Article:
61. Netizen Says:

    Correction: If you work in FOX News, you cheer for Republicans. If you don’t, you CAN’T survive there.

  62. FOARP Says:

    @FOARP – No it’s not, but he also writes for the New Yorker, and I wouldn’t say that he is working to ‘promote the interests of [his] home country’. Netizen does not seem to have read much of what foreign journalists in China actually write.

    To be honest, Peter Hessler’s writings are not always to my taste, but I have never known him to distort, lie, or “promote his home country’s interests” – far from it.

  63. FOARP Says:

    @Netizen – Judging the entirety of the western media on the basis of two US 24-hour news channels is a bit of a stretch don’t you think? For the record, the BBC and Sky TV most definitely covered the refugee crisis in Afghanistan following the invasion, and not everything that CNN does is simple America-boosting. Fox news is basically tabloid TV – they even ran a story alleging that gangs of lesbians carrying pink 9 millimetre pistols were terrorising America – a complete fabrication. I’m not so familiar with American journalists, but here in the UK there are journalists both on the right and on the left who are very scathing about Britain and America’s foreign policies. The most famous amongst these probably being Robert Fisk.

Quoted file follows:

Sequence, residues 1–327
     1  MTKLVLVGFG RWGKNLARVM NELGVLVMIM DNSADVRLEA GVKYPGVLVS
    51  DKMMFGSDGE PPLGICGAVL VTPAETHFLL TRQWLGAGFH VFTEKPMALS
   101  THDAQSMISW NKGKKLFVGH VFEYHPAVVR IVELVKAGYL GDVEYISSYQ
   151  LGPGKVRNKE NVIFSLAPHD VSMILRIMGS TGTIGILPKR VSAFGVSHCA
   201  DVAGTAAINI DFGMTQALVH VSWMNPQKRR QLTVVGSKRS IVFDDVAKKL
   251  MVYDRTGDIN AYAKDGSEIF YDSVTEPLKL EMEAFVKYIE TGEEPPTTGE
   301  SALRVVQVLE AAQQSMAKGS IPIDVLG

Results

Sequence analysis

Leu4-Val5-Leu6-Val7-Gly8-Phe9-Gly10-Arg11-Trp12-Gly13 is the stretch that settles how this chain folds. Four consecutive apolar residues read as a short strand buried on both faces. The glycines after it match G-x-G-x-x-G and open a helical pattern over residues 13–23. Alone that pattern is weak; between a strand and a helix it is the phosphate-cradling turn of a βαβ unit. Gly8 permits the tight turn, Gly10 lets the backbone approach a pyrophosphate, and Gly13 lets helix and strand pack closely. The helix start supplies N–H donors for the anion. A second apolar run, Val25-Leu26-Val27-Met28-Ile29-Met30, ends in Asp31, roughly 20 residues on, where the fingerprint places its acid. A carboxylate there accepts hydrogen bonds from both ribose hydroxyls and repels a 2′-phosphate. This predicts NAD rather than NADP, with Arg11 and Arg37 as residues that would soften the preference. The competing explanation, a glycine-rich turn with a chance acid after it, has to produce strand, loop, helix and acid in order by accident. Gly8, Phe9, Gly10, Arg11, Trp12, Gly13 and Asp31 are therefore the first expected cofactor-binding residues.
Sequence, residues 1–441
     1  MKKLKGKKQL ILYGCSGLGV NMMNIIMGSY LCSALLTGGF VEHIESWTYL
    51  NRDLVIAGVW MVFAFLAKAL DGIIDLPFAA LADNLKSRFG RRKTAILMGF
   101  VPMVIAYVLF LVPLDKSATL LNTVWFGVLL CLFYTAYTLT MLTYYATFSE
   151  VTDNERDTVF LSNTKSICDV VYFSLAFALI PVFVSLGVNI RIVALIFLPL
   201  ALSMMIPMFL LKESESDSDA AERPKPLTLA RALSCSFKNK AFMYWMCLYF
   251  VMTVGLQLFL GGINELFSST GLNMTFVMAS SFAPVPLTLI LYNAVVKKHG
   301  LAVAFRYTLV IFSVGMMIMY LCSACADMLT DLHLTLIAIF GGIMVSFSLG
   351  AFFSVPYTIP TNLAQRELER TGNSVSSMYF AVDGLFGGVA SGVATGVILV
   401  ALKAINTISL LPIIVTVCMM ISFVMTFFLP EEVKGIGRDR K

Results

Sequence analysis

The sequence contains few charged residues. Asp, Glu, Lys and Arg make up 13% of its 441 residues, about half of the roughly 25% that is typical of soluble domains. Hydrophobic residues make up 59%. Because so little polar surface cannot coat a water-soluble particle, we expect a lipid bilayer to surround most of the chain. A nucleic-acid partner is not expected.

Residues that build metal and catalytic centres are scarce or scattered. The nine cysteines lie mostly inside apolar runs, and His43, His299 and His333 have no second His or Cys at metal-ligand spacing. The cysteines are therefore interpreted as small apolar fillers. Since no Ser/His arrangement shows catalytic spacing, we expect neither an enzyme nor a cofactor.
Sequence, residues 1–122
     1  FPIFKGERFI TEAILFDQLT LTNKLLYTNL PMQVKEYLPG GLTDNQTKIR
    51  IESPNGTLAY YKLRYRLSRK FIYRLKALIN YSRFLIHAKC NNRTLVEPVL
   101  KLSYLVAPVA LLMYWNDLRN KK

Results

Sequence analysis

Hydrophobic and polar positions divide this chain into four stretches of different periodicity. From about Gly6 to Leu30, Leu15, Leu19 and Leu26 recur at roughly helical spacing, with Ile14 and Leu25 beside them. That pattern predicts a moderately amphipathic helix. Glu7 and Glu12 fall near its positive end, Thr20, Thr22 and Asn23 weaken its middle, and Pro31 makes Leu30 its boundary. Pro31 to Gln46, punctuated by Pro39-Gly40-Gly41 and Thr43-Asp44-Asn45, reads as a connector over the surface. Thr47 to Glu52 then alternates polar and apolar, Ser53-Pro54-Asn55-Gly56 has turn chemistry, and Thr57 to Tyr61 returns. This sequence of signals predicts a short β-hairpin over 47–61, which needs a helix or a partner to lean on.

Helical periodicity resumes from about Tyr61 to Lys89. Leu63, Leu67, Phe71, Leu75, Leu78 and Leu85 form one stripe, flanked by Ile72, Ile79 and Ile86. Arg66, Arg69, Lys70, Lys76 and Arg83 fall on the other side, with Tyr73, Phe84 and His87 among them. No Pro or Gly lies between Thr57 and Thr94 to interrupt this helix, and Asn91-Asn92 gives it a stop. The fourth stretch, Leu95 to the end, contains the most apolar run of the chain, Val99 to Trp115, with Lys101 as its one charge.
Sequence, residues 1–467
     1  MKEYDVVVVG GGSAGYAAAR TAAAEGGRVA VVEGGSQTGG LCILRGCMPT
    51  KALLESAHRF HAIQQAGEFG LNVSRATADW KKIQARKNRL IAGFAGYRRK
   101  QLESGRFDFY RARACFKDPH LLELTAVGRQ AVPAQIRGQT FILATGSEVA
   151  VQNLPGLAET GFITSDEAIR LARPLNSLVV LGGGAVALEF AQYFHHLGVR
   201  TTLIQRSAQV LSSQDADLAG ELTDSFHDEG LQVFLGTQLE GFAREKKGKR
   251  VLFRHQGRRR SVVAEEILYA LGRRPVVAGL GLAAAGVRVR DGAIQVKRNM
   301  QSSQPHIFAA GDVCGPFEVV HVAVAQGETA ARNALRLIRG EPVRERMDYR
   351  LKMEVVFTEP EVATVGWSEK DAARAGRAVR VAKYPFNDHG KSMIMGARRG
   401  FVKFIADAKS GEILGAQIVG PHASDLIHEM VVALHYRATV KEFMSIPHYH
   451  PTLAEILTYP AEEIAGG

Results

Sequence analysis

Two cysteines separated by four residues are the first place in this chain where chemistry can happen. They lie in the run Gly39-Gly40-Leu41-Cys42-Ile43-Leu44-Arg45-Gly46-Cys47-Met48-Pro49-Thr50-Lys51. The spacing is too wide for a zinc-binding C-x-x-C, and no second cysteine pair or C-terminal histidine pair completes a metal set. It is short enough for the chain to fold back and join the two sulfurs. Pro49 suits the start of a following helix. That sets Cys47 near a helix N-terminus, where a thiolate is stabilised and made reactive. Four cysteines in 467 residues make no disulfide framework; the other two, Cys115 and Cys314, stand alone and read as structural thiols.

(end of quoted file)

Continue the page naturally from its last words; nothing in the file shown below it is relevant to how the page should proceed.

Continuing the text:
BTW: the last one was @Buxi – I’m not speaking to myself yet!

  64. Netizen Says:

    @Buxi,

    Thank you for the Atlantic link. I remember having read that article of Peter Hessler’s a long while ago.

    It seems he was quick to charge cultural imperialism on the part of the Chinese.

    What about the Peace Corp? Or the USAID? Are those agencies practicing cultural imperialism too? He didn’t say. How convenient.

    Then what about the whole business to make the world to be like America so that Americans can feel safe in the world. Isn’t it cultural imperialism?